WE HAVE CONSIDERED the role of the helping professional in response to disaster and how we can conceptualize disaster; this chapter examines its impact, focusing on the psychosocial effects. This exploration involves reviewing research that classifies reactions, such as stress reaction or posttraumatic stress disorder (PTSD)—in a sense, reviewing the epidemiology of different bio-psycho-social responses. However, as should be clear by now, the presumption of universal reactions should not be taken for granted, and I interrogate the social and cultural filters that mediate experiences of disasters. Also, it is crucial to consider the subjective/phenomenological experiences of people in response...

  10. 5 SOURCES OF RESILIENCY
    (pp. 113-135)

    CONSIDERING THE TERRIBLY destructive consequences of disaster, it is perhaps remarkable that so many people recover from catastrophe as well as they do. Large numbers of people exposed to potentially traumatogenic events are still able to have positive emotional experiences and move beyond minor or temporary disruptions in their lives (Bonanno, 2004). Individuals, families, and communities have an impressive capacity for absorbing, processing, and reconstructing meaning after experiencing devastating losses. This is not to minimize the pain, sadness, and often indelible wounds—material, physical, and psychic—inscribed by disasters; they are events fraught with tragedy. Yet not only do most...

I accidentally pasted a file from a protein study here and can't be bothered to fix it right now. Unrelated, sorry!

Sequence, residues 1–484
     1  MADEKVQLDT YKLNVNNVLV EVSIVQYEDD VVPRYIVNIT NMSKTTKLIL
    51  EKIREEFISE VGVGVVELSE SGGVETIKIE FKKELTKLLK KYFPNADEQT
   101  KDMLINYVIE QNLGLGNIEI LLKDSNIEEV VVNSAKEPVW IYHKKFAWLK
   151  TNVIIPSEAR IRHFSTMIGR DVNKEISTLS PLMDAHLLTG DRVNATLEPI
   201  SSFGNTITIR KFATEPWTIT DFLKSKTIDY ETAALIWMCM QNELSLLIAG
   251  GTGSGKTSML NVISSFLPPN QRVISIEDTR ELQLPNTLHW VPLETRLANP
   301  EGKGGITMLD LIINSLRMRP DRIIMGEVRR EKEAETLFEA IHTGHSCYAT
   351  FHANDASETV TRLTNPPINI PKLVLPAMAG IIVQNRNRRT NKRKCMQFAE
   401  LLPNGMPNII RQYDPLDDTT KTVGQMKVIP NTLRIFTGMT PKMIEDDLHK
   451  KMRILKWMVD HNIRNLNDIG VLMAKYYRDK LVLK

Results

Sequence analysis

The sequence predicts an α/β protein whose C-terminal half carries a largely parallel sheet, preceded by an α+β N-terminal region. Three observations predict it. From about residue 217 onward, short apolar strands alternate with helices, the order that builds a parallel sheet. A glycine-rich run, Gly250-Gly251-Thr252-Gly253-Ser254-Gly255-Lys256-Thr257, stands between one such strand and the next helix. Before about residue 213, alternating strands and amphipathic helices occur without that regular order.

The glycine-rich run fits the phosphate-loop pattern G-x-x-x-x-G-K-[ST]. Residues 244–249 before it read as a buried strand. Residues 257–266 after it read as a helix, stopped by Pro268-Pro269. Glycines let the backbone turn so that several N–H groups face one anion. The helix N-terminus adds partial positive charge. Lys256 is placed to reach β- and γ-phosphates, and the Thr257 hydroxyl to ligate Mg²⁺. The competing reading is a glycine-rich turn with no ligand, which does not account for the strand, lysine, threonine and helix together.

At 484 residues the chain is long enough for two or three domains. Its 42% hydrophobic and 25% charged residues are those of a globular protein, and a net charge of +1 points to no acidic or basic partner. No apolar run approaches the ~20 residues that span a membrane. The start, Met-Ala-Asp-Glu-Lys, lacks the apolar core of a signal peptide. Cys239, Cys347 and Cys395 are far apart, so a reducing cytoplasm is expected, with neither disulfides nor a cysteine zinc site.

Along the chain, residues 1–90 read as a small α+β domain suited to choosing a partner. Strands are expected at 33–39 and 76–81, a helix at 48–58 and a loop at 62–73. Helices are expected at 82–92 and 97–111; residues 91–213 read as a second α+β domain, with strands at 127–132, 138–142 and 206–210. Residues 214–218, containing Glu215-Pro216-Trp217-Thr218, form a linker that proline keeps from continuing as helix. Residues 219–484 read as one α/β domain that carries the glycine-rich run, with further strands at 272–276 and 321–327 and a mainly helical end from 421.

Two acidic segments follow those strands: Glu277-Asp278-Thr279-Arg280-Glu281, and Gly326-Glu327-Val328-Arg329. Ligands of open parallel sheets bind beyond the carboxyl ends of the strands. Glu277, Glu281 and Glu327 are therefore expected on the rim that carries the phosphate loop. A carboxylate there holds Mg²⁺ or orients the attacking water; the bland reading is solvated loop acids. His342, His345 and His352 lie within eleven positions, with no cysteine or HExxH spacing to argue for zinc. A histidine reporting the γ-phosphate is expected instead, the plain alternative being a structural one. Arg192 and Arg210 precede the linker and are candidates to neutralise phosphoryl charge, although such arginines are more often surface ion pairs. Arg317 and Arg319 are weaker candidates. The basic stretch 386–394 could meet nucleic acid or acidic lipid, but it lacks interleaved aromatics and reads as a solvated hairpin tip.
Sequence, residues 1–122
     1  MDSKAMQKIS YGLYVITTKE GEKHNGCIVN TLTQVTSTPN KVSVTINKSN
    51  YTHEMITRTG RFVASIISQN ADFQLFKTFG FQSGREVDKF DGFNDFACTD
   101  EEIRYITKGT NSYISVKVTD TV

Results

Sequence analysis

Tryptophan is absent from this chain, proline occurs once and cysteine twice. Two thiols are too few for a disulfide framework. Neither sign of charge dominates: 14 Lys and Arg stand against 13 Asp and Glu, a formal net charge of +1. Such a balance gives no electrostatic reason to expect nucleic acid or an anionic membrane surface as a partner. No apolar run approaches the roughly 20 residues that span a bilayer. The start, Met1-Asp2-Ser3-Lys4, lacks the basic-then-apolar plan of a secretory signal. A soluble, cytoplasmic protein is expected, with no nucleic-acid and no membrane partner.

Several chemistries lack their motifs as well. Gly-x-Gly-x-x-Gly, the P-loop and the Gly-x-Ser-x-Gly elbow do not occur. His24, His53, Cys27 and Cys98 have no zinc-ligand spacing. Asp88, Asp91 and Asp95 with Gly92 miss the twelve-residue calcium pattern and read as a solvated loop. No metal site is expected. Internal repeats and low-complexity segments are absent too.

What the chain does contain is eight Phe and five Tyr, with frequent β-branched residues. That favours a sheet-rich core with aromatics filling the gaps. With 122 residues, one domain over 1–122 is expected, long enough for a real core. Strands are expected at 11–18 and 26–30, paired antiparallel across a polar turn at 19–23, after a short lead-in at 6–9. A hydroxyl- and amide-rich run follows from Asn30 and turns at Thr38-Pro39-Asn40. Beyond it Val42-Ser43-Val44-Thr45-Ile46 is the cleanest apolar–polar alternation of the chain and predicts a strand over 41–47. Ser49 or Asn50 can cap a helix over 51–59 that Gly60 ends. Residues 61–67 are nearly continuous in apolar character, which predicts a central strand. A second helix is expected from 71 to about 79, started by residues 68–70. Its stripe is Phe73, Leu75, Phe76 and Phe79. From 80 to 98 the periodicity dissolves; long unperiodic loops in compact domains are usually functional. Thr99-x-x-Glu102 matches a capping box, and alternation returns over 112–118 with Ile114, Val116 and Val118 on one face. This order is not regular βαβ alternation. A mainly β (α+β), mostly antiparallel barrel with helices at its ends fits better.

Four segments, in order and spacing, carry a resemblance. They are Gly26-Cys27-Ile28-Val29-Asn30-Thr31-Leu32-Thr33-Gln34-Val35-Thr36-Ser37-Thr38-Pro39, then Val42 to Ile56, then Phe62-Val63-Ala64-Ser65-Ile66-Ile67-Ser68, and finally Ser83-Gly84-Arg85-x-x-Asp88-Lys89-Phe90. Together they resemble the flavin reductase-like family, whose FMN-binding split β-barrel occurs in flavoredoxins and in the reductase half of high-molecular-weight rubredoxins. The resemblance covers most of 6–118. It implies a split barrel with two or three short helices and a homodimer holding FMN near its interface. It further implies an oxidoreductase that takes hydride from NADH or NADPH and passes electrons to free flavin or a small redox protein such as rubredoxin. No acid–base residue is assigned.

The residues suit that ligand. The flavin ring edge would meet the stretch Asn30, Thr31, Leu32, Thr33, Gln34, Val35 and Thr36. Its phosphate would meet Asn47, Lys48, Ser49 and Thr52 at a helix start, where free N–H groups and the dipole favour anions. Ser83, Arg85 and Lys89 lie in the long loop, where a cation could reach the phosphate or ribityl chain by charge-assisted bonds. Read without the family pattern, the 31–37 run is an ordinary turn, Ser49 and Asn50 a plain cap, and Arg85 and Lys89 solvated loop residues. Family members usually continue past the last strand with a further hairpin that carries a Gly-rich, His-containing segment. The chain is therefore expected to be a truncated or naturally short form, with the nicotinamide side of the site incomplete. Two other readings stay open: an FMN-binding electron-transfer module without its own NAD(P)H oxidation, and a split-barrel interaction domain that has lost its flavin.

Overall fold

11. 6 VULNERABLE POPULATIONS: RISK, RESILIENCY, AND HOW TO HELP
    (pp. 136-152)

    EVERYONE IS AT RISK when there is a disaster, but some are at greater risk than others. This chapter considers five groups that have unique risk factors as a function of their social positioning and the dynamics of oppression. These include women, children, the elderly, the disabled, and those disadvantaged by virtue of race, ethnicity, or social class. Each of these groups is heterogeneous, and it is important to be wary of generalizations. Also at play is intersectionality—the connections between different aspects of identity and forms of social oppression (Miller & Garran, 2007). For example, gender interacts with age,...

  12. 7 DISCOURSES OF DISASTER RESPONSE AND RECOVERY
    (pp. 153-189)